I doubted for so long. I doubted because TV has taught me to expect ninety-nine percent of series finales to be terribly disappointing, when they're lucky enough to get one. I suspect that's why I tend to keep my connection with characters at arm's length. The writers either write themselves into a corner or they think they're being brilliant with an unexpected twist, which only elicits from me a reaction of "Oh, what a surprise. I'm not even sad, because this always happens and it was handled poorly, as I suspected. In fact, that was hilariously stupid. My favorite character died pointlessly? Yes siree, Bob. Right now I can tell you five better endings, both character- and plot-wise" instead of reducing me to a blubbering puddle on the floor with a scenario that feels right, that is loved even as it breaks me, which is the way it should be...or happy; I'll take that, too, if you don't mind. By the way, Peter's disappearance DID work. A misstep? No. Of course, I'm not the writer, but it was tragic and epic and handled beautifully, as I was sure it would be. I had no doubt Peter would be back because by that point I knew the show wouldn't let me down. Nothing is ever technically perfect. Even Fringe I'm sure has its flaws (love tends to gloss over those), but it felt right, and that's all that matters to me. That's what I remember.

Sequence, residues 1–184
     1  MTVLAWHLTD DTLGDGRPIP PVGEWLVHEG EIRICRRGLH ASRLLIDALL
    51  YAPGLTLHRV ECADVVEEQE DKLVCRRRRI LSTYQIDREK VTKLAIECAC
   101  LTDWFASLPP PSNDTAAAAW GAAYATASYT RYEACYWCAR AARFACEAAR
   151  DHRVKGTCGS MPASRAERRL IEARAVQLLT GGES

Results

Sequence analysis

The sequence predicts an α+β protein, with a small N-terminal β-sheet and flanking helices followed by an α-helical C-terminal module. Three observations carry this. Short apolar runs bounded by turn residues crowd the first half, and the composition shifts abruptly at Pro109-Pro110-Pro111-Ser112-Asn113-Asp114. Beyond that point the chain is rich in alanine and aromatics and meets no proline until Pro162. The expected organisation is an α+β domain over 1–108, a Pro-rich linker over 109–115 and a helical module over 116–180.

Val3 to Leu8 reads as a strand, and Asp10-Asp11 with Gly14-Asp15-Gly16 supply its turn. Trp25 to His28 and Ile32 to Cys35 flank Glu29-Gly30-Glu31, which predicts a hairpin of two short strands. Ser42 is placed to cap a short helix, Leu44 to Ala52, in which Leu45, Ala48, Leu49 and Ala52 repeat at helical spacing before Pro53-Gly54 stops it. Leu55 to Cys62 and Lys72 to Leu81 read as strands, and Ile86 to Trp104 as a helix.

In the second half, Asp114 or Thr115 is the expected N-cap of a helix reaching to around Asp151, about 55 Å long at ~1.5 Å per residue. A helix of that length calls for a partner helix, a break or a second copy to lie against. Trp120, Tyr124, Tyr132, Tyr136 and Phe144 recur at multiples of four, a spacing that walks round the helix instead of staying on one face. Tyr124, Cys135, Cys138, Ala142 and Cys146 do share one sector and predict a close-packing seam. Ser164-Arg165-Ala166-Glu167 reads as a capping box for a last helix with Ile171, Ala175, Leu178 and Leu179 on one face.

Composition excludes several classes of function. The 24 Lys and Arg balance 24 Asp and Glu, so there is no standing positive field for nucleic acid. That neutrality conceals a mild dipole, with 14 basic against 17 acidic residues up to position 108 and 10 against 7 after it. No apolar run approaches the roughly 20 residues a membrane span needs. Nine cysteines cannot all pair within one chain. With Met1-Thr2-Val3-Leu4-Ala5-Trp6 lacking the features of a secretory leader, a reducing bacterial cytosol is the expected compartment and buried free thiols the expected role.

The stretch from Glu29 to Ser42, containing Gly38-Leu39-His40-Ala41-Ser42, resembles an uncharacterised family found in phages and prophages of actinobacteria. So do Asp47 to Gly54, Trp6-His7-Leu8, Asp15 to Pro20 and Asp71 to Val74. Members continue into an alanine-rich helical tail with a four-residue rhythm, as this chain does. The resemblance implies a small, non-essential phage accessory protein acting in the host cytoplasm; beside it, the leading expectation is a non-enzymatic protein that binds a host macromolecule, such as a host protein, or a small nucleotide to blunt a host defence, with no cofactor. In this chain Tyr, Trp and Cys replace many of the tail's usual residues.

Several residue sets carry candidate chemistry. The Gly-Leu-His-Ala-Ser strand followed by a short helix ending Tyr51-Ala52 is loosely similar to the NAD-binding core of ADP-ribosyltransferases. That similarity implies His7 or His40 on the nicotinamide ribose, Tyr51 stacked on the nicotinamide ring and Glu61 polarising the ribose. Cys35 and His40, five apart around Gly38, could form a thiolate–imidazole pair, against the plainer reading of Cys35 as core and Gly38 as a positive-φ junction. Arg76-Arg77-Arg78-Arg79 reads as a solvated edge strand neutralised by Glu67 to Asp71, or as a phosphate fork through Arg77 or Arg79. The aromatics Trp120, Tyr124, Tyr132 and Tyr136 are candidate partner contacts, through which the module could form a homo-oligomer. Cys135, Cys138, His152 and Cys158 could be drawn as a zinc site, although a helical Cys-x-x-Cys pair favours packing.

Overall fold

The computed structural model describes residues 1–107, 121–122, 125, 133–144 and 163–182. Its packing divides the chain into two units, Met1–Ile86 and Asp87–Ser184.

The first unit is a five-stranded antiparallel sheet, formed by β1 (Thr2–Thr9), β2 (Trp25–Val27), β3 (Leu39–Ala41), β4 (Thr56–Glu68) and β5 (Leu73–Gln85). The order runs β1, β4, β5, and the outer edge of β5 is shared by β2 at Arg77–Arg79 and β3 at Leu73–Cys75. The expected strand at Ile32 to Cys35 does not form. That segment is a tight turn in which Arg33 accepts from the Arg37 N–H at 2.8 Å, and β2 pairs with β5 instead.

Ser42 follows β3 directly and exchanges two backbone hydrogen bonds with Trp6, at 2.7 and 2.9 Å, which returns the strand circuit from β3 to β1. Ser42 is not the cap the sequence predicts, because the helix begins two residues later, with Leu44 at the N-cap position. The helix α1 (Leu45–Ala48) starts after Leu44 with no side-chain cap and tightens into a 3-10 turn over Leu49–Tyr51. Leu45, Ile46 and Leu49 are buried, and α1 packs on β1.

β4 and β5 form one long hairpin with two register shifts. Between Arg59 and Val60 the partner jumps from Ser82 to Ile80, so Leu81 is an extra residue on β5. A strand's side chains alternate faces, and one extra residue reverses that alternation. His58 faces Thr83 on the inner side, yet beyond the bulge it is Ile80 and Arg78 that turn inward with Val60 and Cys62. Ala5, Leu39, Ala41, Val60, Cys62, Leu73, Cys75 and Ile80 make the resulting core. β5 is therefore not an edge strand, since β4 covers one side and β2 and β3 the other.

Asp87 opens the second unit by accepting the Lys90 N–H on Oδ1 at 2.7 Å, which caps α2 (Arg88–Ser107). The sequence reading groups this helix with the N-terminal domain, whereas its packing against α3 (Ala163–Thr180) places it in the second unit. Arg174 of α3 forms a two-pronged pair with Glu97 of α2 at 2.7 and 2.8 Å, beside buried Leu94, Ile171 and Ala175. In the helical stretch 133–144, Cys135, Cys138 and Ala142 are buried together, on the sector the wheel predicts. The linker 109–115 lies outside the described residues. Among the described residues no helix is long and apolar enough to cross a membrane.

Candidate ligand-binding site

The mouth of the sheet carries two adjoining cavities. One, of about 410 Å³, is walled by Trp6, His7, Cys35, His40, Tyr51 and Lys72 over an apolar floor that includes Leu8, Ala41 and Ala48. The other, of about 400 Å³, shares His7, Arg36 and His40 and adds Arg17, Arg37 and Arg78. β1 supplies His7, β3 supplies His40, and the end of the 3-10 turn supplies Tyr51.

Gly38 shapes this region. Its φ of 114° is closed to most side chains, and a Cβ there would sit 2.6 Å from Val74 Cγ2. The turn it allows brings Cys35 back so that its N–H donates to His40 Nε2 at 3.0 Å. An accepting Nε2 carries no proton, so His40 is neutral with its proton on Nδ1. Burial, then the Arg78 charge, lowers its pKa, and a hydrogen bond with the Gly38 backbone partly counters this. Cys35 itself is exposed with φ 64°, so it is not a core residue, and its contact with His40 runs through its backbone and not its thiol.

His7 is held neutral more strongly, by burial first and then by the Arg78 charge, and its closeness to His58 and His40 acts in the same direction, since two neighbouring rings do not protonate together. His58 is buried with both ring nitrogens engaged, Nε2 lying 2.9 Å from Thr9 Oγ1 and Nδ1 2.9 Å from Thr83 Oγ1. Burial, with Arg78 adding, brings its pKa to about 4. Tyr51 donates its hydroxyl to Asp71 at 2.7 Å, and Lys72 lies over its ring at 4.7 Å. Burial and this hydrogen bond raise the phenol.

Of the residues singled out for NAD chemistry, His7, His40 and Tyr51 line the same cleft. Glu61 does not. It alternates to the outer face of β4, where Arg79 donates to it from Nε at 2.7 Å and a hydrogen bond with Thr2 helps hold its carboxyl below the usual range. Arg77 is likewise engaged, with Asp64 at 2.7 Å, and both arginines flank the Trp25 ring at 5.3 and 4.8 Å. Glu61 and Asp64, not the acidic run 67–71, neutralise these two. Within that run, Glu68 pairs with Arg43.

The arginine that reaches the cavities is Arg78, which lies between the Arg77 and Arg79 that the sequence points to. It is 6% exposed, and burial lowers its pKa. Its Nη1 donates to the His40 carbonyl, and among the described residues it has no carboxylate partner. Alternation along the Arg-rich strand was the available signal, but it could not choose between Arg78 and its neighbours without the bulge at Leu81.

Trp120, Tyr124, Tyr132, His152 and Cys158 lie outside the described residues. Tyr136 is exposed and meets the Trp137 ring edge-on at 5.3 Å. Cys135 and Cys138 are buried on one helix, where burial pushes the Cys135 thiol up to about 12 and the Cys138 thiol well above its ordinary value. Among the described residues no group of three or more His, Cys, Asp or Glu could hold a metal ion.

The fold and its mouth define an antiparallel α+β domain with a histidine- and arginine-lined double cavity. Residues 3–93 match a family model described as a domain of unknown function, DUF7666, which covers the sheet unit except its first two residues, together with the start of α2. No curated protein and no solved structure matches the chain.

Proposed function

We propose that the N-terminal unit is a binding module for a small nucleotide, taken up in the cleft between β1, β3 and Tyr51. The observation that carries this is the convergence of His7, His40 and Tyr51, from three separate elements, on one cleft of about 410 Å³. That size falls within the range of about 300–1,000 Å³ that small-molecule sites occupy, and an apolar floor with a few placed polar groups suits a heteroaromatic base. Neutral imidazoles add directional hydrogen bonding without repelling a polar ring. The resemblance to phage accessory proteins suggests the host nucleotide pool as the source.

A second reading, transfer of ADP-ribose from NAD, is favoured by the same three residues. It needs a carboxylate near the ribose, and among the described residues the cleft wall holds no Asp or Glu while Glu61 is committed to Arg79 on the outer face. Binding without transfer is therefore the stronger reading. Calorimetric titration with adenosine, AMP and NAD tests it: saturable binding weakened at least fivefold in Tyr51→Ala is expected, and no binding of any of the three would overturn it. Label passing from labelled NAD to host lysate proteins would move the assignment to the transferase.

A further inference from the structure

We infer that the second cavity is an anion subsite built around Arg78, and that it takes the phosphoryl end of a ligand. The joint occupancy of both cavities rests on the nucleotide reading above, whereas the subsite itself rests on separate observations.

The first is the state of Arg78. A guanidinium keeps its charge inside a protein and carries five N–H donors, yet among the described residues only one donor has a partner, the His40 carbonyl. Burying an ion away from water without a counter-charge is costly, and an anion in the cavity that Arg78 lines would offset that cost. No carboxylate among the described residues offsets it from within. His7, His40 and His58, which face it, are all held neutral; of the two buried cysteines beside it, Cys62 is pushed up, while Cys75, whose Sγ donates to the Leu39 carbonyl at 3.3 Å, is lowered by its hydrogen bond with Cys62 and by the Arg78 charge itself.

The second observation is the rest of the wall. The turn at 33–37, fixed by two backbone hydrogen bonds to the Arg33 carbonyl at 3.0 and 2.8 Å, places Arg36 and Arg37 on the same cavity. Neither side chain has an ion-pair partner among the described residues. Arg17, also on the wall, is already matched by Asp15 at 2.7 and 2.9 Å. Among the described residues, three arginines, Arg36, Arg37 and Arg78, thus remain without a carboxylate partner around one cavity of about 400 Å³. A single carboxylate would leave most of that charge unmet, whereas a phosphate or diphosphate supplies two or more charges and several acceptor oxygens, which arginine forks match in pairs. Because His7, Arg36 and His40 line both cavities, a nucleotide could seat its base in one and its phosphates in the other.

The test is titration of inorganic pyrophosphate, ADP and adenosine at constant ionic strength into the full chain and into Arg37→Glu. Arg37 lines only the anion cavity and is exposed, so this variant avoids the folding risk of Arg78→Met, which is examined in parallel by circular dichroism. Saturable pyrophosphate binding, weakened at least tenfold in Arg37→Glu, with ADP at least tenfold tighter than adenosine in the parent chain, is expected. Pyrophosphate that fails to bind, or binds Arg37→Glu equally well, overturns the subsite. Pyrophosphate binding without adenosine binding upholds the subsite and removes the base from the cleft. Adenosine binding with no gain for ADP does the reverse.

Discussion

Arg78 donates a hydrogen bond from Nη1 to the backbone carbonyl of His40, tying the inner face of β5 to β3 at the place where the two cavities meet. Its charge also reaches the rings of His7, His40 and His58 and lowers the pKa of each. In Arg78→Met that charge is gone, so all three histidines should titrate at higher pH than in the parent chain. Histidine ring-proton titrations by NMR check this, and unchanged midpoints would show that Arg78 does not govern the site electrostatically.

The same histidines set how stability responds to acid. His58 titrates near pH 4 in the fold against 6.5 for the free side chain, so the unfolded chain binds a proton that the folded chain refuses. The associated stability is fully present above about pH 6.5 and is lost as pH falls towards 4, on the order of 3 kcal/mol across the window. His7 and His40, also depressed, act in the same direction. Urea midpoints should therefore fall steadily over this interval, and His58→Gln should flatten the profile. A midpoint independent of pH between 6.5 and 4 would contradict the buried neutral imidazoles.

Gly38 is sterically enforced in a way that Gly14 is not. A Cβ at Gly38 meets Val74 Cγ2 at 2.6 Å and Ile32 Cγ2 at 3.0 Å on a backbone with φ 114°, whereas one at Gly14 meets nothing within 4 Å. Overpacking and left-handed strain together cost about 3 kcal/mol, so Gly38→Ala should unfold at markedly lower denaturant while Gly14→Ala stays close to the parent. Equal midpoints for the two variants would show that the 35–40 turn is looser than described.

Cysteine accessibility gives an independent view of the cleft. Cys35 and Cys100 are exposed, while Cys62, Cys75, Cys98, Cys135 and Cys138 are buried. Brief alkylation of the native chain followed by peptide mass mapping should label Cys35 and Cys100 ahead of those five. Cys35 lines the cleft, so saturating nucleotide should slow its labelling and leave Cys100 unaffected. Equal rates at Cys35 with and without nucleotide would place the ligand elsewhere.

I live for happily ever after, because real life is not so kind. I'm not opposed to down or outright depressing endings, but they have to be brilliantly written, emotionally genuine, impeccably acted, and not a complete departure from everything that it was. Ashes to Ashes always comes to mind as an example of how it should be done. It was the ending I was dreading, a knife in the heart, but it didn't come out of left field and was gorgeously acted and bittersweet. I'm not religious, but I love stories of the supernatural, and it's always a fine balance between being a great story and feeling like a trip to Church complete with hard pews, droning priest, and a single fan for the hottest summer day. Unfortunately, so many think it's the height of drama just to kill off characters. It seems usually they haven't thought it through or aren't good enough to realize when those deaths serve no purpose or a very thin one, and could have been written in a far more satisfying way. Instead of mourning the character and applauding the performances, a once great show loses the respect I had for it and makes me regret the time I spent.